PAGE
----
A friend named Holly had this response to brad: If I could get all that and never have to deal with a human male again as far as a personal relationship goes, count me in. I never got all that from any man, it does’t exist. Only deceit, dishonesty and selfishness.
This is from a formerly long-term married woman who is the most loyal, trustworthy, honest person you could meet. I won’t give any man the chance to kick me in the teeth again.
Quite so. The boy was only 22 years old; three years younger than my son. Otto didn’t deserve the kind of fate that was handed to him. I can only imagine how terrified he must have felt last year during the process and his trial and the days that followed after receiving his sentence. The most vile, trashy news site which is Yahoo.com published heartless reader comments that even blamed this poor young man for his choice to go to North Korea and committing the mistake of taking down a banner to take home as souvenir. Many Liberals expressed similar thoughts while displaying their appalling demeanour toward the issue. How low could these people get.
I have very little compassion for the K citizens, whether they belong to the North or the South. I know their real nature as I’ve dealt with these type of beings for 10 long years. What little respect I’d previously held for the Obama administration, due to its inaction, completely dissipated as well.
My deep condolences to Otto Wambier and his family. My heart feels heavy every time I think about this unnecessary tragedy.
Half a world away from them all. With such location functioning as my shelter, my ordinary existence — through an ether that unites inhabitants across freeways — is suited to join the rising sun for everyone to see. Yet there’s no distance the mind and soul cannot reach. What can they perceive that’s beyond my outline of intended exposure? How do they sometimes just magically gain the key to the secret doors of my inner traits and psyche?
There remains a mission in me to search for any flash that could prompt a few thoughts, a series of lines, even a single one; steadily waiting for that jet of blue flame that might yield a sensitive, sound pretty script for these pages.
Any analysis, however, by Facebook or Twitter or Tumbler of my being would be futile. I am old now. What purpose could it probably serve? I simply hanker for peace, ease, and a li’l writing piece. I hope that’s not too much to ask.
RECENT FB POST: I was at my happiest in that land, where I felt I truly belong — in the sense everything about the place could foster my identity, spirit and the many fancies within my heart .
“I found a diary underneath a tree, and started reading about me.The words she’d written took me by surprise.You’d never read them in her eyes […]Her meaning now as clear as sea…The love she waited for was someone who’s not me.”
I used to think I was a much better parent to my child than you were to me. But I’m beginning to discern it may not be so.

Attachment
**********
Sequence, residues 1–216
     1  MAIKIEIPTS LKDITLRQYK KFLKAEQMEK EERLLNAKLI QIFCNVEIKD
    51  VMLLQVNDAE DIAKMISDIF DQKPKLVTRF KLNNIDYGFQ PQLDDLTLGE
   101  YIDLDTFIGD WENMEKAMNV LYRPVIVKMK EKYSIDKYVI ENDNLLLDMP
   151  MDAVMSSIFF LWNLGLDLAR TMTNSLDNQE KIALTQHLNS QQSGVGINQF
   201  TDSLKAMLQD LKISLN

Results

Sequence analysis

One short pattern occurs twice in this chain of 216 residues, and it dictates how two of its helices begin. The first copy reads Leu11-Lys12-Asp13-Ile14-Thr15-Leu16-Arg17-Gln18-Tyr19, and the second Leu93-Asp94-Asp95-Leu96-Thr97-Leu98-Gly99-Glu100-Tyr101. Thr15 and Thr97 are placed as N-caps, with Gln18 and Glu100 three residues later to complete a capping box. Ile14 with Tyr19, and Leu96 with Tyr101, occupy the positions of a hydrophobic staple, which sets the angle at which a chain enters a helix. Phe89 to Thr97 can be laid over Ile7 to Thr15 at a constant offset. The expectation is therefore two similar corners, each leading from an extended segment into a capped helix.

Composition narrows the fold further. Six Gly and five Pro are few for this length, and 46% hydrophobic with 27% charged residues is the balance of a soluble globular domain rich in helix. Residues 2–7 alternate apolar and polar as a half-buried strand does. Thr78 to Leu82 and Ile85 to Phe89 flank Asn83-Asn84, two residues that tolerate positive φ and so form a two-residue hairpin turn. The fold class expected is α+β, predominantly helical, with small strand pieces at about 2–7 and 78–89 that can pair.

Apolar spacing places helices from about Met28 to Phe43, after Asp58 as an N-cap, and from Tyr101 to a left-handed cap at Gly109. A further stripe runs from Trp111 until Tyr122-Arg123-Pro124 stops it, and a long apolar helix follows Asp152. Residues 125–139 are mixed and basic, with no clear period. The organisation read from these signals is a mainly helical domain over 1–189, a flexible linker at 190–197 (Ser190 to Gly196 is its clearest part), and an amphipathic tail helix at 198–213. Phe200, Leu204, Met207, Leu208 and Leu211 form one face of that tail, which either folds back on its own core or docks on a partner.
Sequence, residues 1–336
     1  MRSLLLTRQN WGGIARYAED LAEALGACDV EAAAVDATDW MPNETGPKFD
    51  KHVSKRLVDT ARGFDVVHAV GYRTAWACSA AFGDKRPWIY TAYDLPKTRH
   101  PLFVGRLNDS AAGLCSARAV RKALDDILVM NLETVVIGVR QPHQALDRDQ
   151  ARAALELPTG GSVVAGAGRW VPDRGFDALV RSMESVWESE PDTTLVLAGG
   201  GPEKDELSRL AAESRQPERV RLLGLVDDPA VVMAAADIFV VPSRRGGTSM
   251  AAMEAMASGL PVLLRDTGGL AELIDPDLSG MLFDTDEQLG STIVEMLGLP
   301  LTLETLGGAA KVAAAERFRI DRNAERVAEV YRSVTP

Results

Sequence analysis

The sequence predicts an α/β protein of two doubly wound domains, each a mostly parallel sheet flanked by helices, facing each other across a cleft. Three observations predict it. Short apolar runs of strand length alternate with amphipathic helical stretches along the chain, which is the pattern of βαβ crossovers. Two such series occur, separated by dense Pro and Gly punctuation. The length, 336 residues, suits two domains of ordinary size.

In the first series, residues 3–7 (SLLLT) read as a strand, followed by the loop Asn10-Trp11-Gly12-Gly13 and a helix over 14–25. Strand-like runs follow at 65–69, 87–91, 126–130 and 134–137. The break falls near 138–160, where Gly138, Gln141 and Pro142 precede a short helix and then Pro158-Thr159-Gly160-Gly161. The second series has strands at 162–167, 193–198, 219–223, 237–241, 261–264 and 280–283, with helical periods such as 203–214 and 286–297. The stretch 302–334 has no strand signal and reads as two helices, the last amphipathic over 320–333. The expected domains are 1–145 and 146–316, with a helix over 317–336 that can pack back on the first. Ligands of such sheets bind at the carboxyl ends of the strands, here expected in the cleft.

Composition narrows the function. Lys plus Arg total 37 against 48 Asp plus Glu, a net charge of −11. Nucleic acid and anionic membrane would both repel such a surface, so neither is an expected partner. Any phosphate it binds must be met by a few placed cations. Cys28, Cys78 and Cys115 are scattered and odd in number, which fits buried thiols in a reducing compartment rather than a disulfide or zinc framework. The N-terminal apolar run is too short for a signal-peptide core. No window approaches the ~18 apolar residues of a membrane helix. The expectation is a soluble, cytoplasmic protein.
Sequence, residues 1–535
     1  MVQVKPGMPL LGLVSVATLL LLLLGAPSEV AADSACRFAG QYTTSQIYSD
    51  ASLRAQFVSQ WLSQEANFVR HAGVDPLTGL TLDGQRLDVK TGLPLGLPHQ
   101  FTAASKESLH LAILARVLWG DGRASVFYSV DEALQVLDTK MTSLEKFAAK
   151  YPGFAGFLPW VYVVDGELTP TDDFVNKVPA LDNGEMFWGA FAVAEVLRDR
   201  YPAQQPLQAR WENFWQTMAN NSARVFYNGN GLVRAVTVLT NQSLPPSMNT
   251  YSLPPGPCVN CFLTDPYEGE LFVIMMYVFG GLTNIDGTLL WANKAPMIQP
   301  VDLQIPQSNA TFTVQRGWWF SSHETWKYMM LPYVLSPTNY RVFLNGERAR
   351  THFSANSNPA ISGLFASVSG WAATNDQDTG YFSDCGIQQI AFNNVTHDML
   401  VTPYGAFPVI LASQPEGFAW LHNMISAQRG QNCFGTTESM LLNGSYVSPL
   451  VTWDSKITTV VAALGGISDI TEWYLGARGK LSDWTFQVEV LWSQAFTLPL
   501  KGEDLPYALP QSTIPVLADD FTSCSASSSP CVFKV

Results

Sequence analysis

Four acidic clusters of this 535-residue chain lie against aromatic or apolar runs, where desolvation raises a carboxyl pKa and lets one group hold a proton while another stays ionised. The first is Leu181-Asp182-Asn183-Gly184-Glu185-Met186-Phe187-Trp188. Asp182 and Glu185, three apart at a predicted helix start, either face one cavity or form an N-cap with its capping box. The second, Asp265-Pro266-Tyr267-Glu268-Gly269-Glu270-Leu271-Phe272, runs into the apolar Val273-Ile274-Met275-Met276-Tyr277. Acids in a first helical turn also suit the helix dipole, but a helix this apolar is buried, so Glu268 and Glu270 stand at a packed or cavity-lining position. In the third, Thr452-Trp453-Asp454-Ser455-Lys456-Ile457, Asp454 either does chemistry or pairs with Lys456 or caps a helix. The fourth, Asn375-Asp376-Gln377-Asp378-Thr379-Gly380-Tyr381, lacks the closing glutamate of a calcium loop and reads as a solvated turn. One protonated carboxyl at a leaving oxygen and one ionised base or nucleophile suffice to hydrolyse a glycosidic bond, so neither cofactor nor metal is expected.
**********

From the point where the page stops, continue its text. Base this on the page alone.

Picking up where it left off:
Remember the time you told me how things would be better if I’d soon settle down again with someone – just anyone, you said – with whom I could spend the rest of my life with? Amusingly appalling, I thought, because we’d always been confident about our kind; at the same time I could sense you were plain worried of me ending up completely alone when you aren’t around anymore. You even made my son promise to you never to leave me ever. And we both believed him — yet he left a few years after. It became one more testament as to the only person who truly cared for me after all.
I also remember the moment shortly after you were gone, when this other daughter of yours had tried to talk me into shifting my devotion – and I turned speechless; it was not because I didn’t know what to think: She simply stood no chance of convincing me; how it was such an impossibility. Others would differ in their opinion as to my decision, but they didn’t know our history. They’d never come to know of or comprehend my feelings.
Secretly, I still carry the pain of your absence. The pain I’ve learned to conceal behind my every smile; ensconced with the same grief which I make sure descends beyond the perception of my external world. I’ve gotten used to doing just fine dealing with my reality – with the notion nobody understands and will ever understand. Silence has been more comforting anyway.
There are times I realize the tears aren’t solely caused by the sadness of missing you. I’m being sustained for the love I keep — sinking deeper with the time, with my memories of you — the kind I’ve kept neither those light nor dark hours could reach.
Now more than ever, it’s become all so clear – how it has finally dawned that your final resting place is inside my heart.
Happy Birthday, my dearest one.